Editors' ChoiceRegeneration

Regenerating Hair Follicles

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Science's STKE  22 May 2007:
Vol. 2007, Issue 387, pp. tw176
DOI: 10.1126/stke.3872007tw176

Compared with newts and salamanders, adult humans (like other mammals) have a limited ability to regenerate tissues lost to injury, and the loss of adult hair follicles--complex structures comprising at least 10 cell types--has been considered permanent. Ito et al. observed structures that resembled early developing hair follicles in healing skin wounds in mice. Hair follicle neogenesis, which occurred in adult mice after injuries that resulted in healed wounds 0.25 cm2 or larger, was associated with expression of the same genes and proteins found during embryonic follicle development. Lineage analysis indicated that, rather than arising from existing hair follicle stem cells, the newly generated follicles arose from extrafollicular epidermal cells or infundibular cells (cells from the upper portion of the follicle, outside of the follicle stem cell niche). The new follicles proliferated and produced unpigmented hair and appeared to reestablish a hair follicle stem cell population. Wnt signaling has been implicated in hair follicle development, and expression of the Wnt inhibitor Dkk1 prevented hair follicle neogenesis, but not re-epithelialization. Similarly, deletion of epidermal Ctnnb1 (which encodes β-catenin) prior to injury blocked the formation of new hair follicles. In contrast, epidermal overexpression of Wnt7a enhanced wound-dependent hair follicle regeneration. Following injury, the processes of repair and regeneration often appear to compete (see Chuong); thus, the authors suggest that modulating Wnt signaling in wounds could provide a means of decreasing scarring and of treating alopecia.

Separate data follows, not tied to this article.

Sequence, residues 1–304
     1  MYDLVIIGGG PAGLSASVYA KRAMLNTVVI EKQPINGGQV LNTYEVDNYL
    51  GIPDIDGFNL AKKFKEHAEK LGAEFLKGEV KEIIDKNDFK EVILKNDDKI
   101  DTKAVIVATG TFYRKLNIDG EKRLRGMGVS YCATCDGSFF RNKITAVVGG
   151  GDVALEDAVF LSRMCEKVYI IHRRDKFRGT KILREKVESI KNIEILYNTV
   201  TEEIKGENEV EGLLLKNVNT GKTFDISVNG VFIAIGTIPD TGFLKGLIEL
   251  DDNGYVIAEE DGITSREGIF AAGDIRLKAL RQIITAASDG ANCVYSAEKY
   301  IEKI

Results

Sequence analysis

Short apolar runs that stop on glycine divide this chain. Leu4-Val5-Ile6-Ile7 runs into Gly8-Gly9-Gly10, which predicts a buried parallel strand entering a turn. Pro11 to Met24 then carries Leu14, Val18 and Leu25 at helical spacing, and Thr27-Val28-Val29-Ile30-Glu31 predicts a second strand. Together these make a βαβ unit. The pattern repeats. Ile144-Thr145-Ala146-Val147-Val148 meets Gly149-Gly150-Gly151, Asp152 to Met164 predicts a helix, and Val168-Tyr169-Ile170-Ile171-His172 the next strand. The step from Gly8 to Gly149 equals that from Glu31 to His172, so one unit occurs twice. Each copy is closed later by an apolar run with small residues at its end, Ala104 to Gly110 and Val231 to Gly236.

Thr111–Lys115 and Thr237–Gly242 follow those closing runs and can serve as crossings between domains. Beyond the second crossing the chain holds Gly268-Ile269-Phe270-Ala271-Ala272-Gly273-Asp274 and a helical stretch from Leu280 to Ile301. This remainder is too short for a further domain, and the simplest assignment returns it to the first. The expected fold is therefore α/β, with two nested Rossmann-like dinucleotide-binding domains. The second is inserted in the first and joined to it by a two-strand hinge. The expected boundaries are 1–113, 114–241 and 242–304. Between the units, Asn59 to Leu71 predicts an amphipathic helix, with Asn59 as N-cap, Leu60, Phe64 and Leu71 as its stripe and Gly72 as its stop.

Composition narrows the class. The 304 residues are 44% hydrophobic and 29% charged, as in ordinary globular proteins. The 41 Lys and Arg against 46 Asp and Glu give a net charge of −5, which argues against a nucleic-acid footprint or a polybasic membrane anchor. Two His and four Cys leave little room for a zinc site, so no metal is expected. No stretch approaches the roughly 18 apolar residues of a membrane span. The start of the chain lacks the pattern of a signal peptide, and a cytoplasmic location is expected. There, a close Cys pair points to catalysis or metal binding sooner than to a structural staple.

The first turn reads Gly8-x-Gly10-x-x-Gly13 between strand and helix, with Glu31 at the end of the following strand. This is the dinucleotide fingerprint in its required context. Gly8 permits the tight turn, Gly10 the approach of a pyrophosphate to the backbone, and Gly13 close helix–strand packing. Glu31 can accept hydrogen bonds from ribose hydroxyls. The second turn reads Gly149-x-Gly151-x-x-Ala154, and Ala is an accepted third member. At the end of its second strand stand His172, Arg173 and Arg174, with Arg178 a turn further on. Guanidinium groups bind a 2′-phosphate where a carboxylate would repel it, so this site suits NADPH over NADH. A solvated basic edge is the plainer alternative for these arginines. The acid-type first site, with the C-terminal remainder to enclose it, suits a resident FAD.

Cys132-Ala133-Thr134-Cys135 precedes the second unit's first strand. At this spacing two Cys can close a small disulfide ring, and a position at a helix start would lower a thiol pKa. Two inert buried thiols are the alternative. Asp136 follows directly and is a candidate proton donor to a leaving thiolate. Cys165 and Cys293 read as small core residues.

M. Ito, Z. Yang, T. Andl, C. Cui, N. Kim, S.E. Millar, G. Cotsarelis, Wnt-dependent de novo hair follicle regeneration in adult mouse skin after wounding. Nature 447, 316-320 (2007). [PubMed]

C. M. Chuong, New hair from healing wounds. Nature 447, 265-266 (2007). [PubMed]

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